There was a complication lurking, however, which I had decided to put aside for a time. About a month before the opening of the Congress, I thought I felt an increase in dyspnea on exertion, a little too much shortness of breath on walking fast, or straining, or at a sudden lurching forward faster than usual. I experienced this on several occasions, as when going up a staircase from a parking lot rather rapidly to get to a concert at the Music Center on time. It was not severe but definite, and I felt it as a possible signal. To explain why, it was exactly such a subjective experience that had led to my heart operation some 15 years previously. Nothing more than a slight increase of normal shortness of breath that I felt while playing tennis, which I was not sure of but which alerted me, and led to my having my first stress test, at age 67, in 1980. The cardiologist stopped the test abruptly from what he saw on the electrocardiogram, and directed me to an angiogram. A few days later, I was in open-heart surgery. Five obstructed coronary vessels were treated by by-passes. There were no complications; the result was excellent; I was playing tennis again in a little over two weeks.

Back to the summer of 1995. On a visit to San Francisco to visit my daughter a few weeks before the International meeting, I had mentioned my concerns to a cardiologist friend who was her neighbor. He ventured the thought that another angiogram was in order. I agreed, but feeling this was not an immediate threat, I decided to do this after the Congress, not without trepidation, but taking that chance. A day or two after the meeting, while still in the Bay area, I went for the test in my friend's office. Before presenting me with the unexpected findings, the angiographer-friend informed me that what he would tell me would sound alarming but that I should not be alarmed. The result showed four or five vessels almost completely obstructed, the same as had preceded my first operation. I chose to return to Los Angeles, to enter surgery again there. This was with a different cardiac surgeon than before, in UCLA, where I myself taught. The previous procedure had been at Cedars-Sinai, with a surgeon who had since retired.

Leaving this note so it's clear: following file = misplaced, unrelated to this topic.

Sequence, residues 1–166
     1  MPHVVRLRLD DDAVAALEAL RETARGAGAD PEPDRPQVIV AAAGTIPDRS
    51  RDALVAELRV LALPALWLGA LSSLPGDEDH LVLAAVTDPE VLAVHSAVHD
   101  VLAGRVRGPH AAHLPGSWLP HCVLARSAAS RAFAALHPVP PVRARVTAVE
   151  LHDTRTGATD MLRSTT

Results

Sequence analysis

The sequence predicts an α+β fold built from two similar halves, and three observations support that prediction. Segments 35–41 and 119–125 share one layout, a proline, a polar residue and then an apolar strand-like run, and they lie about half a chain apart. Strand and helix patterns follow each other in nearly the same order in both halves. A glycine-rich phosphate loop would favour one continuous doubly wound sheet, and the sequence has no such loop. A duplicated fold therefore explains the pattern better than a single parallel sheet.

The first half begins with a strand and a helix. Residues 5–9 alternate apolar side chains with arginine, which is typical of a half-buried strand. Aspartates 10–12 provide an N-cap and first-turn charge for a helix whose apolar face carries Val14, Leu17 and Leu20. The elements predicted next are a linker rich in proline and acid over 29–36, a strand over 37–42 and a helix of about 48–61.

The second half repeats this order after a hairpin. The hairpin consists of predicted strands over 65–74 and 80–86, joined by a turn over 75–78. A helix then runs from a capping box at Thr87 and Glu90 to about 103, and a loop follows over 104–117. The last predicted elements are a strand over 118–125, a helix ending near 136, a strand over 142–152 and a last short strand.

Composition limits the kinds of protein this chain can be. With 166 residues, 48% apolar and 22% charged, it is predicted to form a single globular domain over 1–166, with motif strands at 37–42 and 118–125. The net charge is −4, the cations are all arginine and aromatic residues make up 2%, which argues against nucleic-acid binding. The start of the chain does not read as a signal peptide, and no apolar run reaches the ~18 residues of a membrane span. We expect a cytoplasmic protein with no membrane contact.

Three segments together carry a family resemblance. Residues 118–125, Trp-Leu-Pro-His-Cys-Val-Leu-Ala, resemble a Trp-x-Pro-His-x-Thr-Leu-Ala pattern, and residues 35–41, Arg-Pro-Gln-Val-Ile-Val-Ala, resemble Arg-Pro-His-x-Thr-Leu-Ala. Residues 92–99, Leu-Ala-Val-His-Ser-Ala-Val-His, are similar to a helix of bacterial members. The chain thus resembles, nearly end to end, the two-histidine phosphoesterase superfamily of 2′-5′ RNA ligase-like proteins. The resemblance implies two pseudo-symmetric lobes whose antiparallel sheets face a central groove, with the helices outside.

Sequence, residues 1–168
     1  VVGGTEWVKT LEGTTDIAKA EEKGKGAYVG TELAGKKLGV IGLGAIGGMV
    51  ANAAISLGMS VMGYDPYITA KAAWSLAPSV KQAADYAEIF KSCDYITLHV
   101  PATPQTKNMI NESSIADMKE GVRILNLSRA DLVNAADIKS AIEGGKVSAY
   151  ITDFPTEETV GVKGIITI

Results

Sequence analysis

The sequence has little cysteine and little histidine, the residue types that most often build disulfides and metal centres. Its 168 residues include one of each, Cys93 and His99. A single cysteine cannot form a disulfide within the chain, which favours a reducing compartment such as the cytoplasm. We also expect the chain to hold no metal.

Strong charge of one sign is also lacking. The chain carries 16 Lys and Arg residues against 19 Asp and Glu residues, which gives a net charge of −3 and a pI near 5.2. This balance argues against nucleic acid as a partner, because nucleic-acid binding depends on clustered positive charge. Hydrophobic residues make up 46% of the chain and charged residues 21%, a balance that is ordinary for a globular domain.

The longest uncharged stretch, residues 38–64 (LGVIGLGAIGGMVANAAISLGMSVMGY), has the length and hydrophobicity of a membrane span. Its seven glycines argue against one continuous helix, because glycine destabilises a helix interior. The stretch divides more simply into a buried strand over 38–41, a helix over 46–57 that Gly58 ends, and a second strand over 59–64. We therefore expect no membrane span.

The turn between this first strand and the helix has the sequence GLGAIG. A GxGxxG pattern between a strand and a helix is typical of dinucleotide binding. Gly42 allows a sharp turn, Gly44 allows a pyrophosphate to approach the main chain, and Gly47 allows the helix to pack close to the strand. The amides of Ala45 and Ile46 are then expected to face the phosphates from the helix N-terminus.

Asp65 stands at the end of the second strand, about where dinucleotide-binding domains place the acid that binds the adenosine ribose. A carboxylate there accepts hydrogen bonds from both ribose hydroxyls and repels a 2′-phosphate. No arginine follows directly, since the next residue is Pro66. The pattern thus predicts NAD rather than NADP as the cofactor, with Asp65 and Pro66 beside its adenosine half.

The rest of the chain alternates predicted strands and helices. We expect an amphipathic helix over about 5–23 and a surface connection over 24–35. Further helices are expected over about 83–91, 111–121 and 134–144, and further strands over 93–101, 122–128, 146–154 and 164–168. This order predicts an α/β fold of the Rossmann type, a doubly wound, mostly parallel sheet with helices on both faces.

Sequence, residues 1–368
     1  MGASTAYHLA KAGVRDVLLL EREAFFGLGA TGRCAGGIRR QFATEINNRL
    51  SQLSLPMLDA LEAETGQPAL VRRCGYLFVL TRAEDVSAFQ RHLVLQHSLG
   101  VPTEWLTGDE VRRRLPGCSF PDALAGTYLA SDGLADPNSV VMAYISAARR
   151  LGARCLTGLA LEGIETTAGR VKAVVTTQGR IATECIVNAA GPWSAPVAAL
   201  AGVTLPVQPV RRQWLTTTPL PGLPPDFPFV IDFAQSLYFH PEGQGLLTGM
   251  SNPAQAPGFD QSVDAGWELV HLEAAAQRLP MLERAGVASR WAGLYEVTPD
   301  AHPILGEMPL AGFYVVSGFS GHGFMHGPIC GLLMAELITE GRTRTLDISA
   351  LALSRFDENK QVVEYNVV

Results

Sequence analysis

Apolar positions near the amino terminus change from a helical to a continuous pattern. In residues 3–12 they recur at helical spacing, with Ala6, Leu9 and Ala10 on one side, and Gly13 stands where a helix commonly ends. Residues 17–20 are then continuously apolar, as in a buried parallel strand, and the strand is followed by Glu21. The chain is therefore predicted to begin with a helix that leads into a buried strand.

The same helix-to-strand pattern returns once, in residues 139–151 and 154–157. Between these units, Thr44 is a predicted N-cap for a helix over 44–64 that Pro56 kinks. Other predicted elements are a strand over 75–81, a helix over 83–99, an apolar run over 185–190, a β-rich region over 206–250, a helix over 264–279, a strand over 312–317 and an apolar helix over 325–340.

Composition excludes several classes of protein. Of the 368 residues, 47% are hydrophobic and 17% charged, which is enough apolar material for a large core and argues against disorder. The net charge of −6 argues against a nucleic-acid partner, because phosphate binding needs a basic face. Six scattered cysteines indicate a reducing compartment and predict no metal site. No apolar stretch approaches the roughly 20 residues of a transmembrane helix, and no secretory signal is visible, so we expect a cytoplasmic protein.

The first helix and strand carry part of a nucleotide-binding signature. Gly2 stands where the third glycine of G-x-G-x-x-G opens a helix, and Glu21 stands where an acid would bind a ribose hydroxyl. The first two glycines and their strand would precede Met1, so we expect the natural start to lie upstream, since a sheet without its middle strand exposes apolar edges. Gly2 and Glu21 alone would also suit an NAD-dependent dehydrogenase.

It is an aftermath of that second surgical experience that I wish to report, partly in connection with the subject of the two interwoven realities of human life, the physical and the psychological, and, as I came to experience them in a unique way, to other interesting theoretical issues of the functioning of the brain and the mind to which they led. The clinical data, in which I am now both the observer and the observed, besides being rare in its content, presents is an unusual opportunity.


Although it can be a difficult if not agonizing decision to submit to this surgical procedure, the choice was made easier for me by the test results. Almost complete blockage of all of my previous bypassed vessels left me with little to ponder. I had been living asymptomatically mostly on collaterals.

It is of interest that less than a decade before my previous operation in 1980, an analytic patient of mine had undergone the first bypass operation I had known or probably heard of. I remember my countertransference at that time, my horror at the thought, my admiration of the patient, and my doubts about his judgment. I remember thinking, as debates raged about the new procedure, that certainly the new vessels would undergo the same pathological processes as the now-afflicted ones, so what was the use. I had no scientific information, just my reasoning.